"Culinary incubator" leads to small business success

Michiana entrepreneurs have a chance to learn about starting a small food business at a seminar in Niles on Tuesday.

Niles DDA Main Street is partnering with Michigan State University to host a Workshop for Michigan Entrepreneurs, focusing on food safety, labeling, transportation and how to make a profit.

The seminar is based on a program that's proven successful already in Niles. The Entrepreneurial Culinary Incubator (NECI) allows business hopefuls to rent space in a commercial kitchen for a small hourly fee. NECI gives food lovers the chance to produce their specialty without overhead costs or the liability. Plus, chefs can take steps to earn a food license and get their product on store shelves.

Six people have been through the NECI program so far.

"It allowed me to make mistakes but not fatal mistakes for my company," said Andrea Martin, owner of Gathering Grains Aristan Granola. "I didn't have the capital and overhead expenses of the kitchen and rent expense and all those other expenses."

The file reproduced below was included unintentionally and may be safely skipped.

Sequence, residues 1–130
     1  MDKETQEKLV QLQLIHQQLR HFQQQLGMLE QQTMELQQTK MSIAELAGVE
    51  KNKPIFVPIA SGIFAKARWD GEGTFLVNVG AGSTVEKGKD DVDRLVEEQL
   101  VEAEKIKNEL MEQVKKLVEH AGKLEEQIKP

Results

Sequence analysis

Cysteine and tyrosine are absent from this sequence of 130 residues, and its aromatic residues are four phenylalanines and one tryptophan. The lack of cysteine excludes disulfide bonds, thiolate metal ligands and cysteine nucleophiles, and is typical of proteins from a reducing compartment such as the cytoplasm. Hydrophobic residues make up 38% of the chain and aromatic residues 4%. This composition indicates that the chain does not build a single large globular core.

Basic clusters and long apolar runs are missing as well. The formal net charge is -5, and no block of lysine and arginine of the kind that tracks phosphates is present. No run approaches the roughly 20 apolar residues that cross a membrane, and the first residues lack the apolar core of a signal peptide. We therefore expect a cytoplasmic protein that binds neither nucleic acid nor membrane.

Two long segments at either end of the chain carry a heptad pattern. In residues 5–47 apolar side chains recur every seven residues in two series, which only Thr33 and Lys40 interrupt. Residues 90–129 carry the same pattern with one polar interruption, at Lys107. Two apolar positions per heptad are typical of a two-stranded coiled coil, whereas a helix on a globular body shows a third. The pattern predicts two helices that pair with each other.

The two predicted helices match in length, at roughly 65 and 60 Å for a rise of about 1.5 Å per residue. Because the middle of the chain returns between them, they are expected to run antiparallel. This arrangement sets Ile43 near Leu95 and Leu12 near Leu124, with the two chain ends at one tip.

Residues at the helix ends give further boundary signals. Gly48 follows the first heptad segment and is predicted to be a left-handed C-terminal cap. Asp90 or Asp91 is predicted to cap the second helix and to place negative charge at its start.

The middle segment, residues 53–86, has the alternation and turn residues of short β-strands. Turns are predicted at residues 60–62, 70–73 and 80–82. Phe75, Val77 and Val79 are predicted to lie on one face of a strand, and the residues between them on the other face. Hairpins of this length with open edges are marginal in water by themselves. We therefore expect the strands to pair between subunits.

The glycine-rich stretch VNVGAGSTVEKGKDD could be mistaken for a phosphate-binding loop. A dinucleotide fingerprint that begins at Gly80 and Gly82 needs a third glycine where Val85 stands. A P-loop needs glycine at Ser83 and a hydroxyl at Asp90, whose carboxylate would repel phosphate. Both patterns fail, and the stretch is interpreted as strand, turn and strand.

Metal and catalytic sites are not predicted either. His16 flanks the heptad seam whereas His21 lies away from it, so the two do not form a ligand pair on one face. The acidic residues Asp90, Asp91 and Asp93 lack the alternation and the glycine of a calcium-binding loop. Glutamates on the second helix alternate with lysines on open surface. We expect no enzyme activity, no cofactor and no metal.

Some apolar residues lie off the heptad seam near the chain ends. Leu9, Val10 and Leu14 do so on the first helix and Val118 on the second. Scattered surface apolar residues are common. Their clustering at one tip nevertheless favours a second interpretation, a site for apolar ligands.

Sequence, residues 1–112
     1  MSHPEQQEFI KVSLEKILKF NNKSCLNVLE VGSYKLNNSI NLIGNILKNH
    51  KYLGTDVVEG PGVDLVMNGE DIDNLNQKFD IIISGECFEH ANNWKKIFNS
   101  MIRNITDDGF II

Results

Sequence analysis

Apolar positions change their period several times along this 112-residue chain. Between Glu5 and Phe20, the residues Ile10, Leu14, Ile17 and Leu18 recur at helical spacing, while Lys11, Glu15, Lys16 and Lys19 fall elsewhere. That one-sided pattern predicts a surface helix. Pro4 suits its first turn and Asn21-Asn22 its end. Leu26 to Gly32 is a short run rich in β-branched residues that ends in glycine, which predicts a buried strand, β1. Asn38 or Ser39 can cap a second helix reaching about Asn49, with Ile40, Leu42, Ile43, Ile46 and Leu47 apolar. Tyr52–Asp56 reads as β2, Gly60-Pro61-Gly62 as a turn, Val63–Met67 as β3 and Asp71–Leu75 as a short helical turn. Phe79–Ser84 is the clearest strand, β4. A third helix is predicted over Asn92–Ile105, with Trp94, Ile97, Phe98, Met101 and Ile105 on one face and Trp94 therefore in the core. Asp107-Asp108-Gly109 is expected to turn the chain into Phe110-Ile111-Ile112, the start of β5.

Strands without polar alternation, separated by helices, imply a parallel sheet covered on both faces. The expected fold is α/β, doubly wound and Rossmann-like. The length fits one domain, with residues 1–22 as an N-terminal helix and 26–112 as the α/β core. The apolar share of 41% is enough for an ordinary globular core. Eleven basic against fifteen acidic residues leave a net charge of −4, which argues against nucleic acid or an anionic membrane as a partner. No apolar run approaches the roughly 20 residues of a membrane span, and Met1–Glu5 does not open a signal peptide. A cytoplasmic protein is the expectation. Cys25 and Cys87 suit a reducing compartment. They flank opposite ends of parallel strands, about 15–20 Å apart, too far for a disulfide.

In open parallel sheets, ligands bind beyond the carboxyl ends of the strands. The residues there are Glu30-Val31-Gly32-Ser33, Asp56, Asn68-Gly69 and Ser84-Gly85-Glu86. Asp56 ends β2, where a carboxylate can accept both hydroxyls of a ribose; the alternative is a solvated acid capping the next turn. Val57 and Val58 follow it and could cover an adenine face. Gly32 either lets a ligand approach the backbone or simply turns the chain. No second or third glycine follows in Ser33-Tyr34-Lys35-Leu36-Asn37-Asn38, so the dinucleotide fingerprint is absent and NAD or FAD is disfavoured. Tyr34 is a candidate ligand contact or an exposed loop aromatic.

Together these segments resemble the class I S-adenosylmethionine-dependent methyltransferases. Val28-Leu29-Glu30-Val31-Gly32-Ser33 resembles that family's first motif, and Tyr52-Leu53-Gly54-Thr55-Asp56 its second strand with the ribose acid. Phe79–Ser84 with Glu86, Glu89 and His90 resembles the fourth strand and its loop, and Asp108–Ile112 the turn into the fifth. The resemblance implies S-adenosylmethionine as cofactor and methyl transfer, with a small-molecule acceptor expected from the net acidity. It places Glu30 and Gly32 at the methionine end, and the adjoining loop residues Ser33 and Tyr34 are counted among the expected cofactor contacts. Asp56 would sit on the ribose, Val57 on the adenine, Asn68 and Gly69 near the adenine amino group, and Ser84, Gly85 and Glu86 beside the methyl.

Another participant, Jim Lacey, now runs a catering company and sells his barbeque sauce regionally, thanks to NECI.

"The assistance you get in this kitchen is invaluable," said Lacey, owner of Jim Bob's Barbeque and Jimmy's X BBQ sauce. "They give you resources through Michigan State University, they give you help so you can work through the regulatory process."

For more information about the program, visit the Niles DDA Main Street website.

The "How to start a successful cottage food business in Michigan" seminar is Tuesday, April 29, from 3-5 p.m. at 219 North 4th Street in Niles.

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